1/h(x+h)^2
1/hx^2
What would you do to make the above rationals NOT be over 1?
There is no other question. I just want to make what I listed to not be over 1.
The original equation that I am solving is:
((1/h(x+h)^2)-(1/hx^2)) / h
I just wanted to make those two parts in the numerator a little bit more simpler so that they are not fractions. How do I go about doing so? Or is there some other way I can solve.
your difference quotient should be ...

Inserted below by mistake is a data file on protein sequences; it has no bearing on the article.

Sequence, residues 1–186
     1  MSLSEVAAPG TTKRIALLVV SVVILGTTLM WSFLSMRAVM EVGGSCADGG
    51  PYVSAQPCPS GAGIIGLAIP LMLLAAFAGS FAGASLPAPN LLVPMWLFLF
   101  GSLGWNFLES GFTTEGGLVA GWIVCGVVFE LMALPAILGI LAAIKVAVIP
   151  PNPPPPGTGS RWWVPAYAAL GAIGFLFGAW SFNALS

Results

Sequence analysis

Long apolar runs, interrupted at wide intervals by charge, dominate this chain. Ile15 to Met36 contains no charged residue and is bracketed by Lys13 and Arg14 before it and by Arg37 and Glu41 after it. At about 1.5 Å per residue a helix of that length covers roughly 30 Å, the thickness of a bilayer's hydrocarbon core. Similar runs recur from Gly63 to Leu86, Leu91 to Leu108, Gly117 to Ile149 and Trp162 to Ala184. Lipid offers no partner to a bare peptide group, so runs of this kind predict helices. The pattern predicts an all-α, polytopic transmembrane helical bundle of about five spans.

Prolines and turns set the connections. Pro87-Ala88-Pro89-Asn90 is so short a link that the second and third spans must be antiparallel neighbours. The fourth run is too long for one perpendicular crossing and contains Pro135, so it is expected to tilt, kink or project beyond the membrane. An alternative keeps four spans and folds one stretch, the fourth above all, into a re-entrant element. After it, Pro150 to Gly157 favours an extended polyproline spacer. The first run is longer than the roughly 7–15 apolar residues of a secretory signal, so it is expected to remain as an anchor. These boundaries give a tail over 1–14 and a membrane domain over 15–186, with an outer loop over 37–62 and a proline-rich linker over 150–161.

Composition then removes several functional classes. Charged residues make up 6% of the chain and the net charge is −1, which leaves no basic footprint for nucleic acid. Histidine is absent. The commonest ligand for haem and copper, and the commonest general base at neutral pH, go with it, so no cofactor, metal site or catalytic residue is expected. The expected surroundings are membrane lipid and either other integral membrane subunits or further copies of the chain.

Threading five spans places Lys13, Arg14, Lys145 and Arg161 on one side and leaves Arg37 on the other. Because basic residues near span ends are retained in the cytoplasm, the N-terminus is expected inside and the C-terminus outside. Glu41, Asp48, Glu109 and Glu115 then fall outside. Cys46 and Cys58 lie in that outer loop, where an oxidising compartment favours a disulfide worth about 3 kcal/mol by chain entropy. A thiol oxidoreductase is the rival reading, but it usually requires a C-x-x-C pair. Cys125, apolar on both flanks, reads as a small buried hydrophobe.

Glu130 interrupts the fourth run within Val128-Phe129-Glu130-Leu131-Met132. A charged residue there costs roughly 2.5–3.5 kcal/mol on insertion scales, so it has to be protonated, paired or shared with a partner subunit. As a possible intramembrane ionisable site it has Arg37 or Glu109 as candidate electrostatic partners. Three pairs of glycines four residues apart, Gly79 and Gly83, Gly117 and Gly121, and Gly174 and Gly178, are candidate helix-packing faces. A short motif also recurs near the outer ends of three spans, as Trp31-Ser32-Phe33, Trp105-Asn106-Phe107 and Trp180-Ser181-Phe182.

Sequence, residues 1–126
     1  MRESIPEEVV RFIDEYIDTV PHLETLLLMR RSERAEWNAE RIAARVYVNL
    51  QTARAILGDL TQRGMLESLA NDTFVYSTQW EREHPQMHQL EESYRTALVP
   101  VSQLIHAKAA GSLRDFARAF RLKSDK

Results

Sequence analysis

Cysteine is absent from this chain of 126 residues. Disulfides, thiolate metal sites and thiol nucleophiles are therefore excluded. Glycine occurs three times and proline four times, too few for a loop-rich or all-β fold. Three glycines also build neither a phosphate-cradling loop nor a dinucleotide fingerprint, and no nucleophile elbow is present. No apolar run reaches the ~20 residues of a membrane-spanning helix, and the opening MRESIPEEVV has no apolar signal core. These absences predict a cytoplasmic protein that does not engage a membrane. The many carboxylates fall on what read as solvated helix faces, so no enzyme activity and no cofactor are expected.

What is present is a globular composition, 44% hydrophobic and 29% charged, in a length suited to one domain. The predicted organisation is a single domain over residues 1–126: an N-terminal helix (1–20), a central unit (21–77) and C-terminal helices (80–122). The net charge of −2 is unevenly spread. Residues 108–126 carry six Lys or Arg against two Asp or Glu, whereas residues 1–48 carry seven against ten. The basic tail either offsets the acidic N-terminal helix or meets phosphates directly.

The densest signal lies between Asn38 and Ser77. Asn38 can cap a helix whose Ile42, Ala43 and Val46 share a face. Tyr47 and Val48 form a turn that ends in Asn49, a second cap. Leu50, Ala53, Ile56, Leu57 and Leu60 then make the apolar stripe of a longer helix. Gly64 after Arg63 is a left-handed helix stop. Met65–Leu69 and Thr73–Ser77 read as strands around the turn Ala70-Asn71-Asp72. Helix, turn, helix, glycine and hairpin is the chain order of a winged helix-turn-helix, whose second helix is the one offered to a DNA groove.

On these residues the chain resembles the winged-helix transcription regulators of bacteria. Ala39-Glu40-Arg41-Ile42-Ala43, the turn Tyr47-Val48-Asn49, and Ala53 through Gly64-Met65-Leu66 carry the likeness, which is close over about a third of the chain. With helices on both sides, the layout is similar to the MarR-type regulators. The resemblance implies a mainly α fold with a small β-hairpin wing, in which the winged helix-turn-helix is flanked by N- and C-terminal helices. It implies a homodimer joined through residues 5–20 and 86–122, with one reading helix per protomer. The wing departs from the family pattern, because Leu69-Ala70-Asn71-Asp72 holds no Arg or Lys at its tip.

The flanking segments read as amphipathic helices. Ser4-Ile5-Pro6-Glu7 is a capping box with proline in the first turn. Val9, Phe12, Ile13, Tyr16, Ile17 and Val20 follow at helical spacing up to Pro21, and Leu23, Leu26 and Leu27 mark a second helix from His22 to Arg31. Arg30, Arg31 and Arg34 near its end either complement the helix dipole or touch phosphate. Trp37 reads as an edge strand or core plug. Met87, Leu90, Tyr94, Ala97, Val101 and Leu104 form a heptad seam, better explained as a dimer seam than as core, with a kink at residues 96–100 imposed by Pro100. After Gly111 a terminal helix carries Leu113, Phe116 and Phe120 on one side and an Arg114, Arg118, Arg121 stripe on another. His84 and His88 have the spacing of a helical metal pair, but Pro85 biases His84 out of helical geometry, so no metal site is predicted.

$\displaystyle \frac{\frac{1}{(x+h)^2} - \frac{1}{x^2}}{h}$
it can be rewritten as ...
$\displaystyle \frac{1}{h}\left(\frac{1}{(x+h)^2} - \frac{1}{x^2}\right)$
work inside to get a common denominator ...
$\displaystyle \frac{1}{h}\left(\frac{x^2 - (x+h)^2}{x^2(x+h)^2}\right)$
expand the numerator ...
$\displaystyle \frac{1}{h}\left(\frac{x^2 - (x^2+2xh+h^2)}{x^2(x+h)^2}\right)$
combine like terms in the numerator ...
$\displaystyle \frac{1}{h}\left(\frac{-2xh-h^2)}{x^2(x+h)^2}\right)$
factor $\displaystyle -h$ out of the numerator ...
$\displaystyle \frac{1}{h}\left(\frac{-h(2x+h)}{x^2(x+h)^2}\right)$
divide out the h's ...
$\displaystyle \frac{-(2x+h)}{x^2(x+h)^2}$
if you have covered limits in class, take the limit as $\displaystyle h \to 0$ and simplify ...